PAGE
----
First, set a clear goal -- know what you're trying to accomplish and why it will pay dividends for the business. For example, mixing providers to gain multiple tiers of service is often easier than doing so to increase portability. One provider might host mission-critical Microsoft Exchange servers while another hosts development virtual machines (VMs) -- migration between the two won't come into play.
Workload portability involves complicated dependencies. Providers are not in the business of ensuring interoperability with other providers. Managed hosting toolsets typically serve the provider's own infrastructure first and their customers' environments second.
"If you expect workload portability, consider things like the hypervisors used by the different providers and whether you want some kind of data replication tool running so your data set is kept up to date in your target data center," Gorcester said. "The specific tool you use will depend in part on your desired [recovery point objective] and [recovery time objective]."
A provider can help ensure portability from one hosted infrastructure to another -- to a point -- but the customer must test it out and ensure that VMs readily transfer between providers, or between hosted and in-house data center facilities. It's an ongoing issue for organizations because a provider might alter its environment and adversely affect every workload's portability. For example, if one provider changes hypervisors, cross-environment workloads suddenly experience hypervisor incompatibility. Establish a firm line of communication and support with each provider if you go this route.
A second issue occurs in replication, recovery and other data protection tasks. Your IT staff must take charge of recovery and testing efforts to verify that hosted workloads and data are adequately protected and recoverable within an acceptable recovery time objective.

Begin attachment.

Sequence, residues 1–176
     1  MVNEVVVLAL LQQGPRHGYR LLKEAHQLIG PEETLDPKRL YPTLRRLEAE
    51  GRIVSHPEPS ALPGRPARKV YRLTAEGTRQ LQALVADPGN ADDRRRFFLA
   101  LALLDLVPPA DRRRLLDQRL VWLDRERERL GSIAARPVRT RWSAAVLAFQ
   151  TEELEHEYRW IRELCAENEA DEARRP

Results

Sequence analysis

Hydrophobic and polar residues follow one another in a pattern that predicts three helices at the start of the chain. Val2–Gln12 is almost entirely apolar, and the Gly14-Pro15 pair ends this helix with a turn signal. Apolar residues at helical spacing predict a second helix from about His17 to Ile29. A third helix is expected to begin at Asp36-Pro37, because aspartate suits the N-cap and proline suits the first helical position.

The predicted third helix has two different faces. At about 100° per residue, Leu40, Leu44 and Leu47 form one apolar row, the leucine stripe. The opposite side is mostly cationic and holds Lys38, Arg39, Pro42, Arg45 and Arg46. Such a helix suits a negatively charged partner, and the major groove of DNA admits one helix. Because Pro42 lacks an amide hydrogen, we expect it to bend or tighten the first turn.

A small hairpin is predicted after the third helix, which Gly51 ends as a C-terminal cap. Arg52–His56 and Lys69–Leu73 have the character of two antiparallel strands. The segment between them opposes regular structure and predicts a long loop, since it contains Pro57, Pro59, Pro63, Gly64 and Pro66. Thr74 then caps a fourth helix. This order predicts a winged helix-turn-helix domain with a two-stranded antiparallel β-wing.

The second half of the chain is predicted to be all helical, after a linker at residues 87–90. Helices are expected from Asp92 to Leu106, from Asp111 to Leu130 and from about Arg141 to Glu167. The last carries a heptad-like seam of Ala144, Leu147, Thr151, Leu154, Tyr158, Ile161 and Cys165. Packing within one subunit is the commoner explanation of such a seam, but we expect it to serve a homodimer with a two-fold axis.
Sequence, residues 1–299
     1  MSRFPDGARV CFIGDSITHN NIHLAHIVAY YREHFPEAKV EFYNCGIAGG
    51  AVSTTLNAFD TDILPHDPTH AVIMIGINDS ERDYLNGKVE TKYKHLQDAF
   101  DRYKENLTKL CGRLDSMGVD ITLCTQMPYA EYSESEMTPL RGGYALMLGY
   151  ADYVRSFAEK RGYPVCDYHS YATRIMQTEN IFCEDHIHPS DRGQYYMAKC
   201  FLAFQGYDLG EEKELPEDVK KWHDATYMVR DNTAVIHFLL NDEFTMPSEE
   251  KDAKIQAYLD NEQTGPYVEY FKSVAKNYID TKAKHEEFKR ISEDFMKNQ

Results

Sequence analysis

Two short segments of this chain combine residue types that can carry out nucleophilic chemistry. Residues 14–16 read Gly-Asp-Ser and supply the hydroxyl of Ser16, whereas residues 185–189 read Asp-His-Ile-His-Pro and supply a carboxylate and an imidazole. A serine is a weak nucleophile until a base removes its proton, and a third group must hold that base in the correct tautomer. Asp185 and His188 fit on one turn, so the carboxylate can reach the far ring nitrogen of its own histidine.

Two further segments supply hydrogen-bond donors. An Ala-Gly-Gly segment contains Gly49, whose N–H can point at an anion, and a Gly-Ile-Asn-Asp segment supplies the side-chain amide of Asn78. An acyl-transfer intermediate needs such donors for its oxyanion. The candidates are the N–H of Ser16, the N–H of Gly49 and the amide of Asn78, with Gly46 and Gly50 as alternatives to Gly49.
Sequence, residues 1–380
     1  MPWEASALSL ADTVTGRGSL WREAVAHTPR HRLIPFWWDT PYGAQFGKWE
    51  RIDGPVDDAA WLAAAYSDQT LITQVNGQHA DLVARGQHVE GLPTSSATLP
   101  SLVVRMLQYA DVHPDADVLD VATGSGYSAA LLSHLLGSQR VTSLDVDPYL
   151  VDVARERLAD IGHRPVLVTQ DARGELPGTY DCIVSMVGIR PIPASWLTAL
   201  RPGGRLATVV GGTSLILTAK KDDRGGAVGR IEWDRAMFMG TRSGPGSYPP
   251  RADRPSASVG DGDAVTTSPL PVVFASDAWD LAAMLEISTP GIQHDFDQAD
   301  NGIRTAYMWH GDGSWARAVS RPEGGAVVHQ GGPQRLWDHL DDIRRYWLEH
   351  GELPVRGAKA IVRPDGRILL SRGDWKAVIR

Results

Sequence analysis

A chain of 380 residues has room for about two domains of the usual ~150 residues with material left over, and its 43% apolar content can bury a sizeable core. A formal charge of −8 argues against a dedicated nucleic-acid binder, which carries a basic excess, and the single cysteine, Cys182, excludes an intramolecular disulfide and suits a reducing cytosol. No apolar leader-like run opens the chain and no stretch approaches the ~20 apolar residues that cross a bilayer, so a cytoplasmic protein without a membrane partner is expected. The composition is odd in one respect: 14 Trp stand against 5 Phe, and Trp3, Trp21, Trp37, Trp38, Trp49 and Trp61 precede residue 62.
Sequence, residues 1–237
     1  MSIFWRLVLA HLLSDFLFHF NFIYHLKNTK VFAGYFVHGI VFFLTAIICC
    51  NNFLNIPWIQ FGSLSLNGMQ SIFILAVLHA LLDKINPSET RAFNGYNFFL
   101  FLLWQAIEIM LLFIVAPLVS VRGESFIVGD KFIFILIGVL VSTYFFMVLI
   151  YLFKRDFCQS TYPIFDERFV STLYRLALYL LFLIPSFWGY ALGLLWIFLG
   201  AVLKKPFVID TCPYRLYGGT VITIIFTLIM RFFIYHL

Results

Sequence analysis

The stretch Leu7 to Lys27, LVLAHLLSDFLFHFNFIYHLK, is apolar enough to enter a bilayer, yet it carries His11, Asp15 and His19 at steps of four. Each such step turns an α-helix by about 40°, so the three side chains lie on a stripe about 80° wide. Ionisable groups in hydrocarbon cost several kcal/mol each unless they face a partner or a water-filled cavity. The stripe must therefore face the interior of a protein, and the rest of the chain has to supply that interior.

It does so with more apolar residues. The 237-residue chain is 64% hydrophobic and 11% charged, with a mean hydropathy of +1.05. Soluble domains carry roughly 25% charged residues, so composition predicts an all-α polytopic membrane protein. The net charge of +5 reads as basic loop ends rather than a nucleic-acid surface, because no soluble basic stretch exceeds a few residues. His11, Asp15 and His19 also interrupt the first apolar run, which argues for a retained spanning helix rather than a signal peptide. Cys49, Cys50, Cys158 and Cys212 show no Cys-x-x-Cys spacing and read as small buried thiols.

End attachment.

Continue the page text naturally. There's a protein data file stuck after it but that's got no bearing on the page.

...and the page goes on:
"We have seen many examples of incorrect operational processes or even a flawed initial setup and lack of testing," Sclafani said. "There can be data loss in the recovery process that was completely preventable."
Make cents of it all
Data center outsourcing is a viable fiscal option for many organizations. It means a business can shift expenses from capital outlays on fixed resources to monthly operating expenses that scale easily to respond to demand -- without overhead for maintenance, cooling and the other pains of data center ownership.
Few IT professionals are educated about the financial aspects of a business, which makes the data center outsourcing argument hard to present. The traditional paradigm of quarterly budget depletion undermines the value of outsourcing.
IT, finance and executive leaders all must understand how this new computing paradigm will generate substantial ROI. It will be much easier to understand the larger role of computing within the business, which in turn will solidify the case for similar future technological investments. When you get finance and technology leaders involved early on, it helps your organization accurately assess the long-term impact of outsourcing decisions.
"The result [of poor communication] is usually a substandard solution that fits the [capital expenditure] model, but may not be the best solution for the technology needs and the technical budget," Sclafani said.
For example, the company ends up with software as a service products that cost five times more than the in-house equivalent -- money that could have been used to fund other projects or lower the long-term cost of the app by hosting it on dedicated servers.
Analyze and compare the potential costs for outsourcing and keeping operations in-house. Consult with prospective managed services and server hosting providers to discuss detailed breakdowns of costs and fees.
Initial outsourcing costs surprise some businesses. It may take weeks or even months for an organization to successfully transition a production workload onto hosted servers with a full suite of monitoring and data protection -- such as workload replication and recovery -- services in place. All this time, you're still operating the legacy set up. Any issues that arise, such as WAN connectivity problems, hypervisor or management tool incompatibilities or other snags, lengthens this overlap and increases the upfront costs.
"Businesses need a clear migration and testing plan so they can minimize the [amount of] time that they're paying for resources that are not in production," Gorcester said. Once a workload's transition to hosted infrastructure is complete and vetted, be sure to consider when to repurpose in-house systems.